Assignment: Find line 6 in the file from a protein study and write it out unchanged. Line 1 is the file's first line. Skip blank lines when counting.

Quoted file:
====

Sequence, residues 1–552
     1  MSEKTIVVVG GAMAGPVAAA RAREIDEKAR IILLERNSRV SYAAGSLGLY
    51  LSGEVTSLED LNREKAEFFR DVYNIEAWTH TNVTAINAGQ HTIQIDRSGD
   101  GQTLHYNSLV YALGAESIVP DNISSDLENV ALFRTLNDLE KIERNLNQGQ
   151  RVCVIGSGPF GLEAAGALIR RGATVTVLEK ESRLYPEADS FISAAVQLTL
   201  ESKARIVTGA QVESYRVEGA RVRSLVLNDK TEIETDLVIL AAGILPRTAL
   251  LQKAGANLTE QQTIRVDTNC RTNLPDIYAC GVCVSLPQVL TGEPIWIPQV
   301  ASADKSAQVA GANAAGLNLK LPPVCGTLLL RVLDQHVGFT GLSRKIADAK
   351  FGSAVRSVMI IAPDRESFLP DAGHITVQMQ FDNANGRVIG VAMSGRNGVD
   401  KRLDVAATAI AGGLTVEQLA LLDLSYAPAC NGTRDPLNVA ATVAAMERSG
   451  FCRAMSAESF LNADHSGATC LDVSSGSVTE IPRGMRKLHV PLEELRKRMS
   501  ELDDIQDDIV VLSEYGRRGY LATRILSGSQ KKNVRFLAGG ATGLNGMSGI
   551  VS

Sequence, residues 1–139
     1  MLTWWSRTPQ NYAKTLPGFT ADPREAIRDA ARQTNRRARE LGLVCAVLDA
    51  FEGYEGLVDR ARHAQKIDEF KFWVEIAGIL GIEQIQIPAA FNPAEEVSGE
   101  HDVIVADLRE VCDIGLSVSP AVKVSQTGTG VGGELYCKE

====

   201  ESKARIVTGA QVESYRVEGA RVRSLVLNDK TEIETDLVIL AAGILPRTAL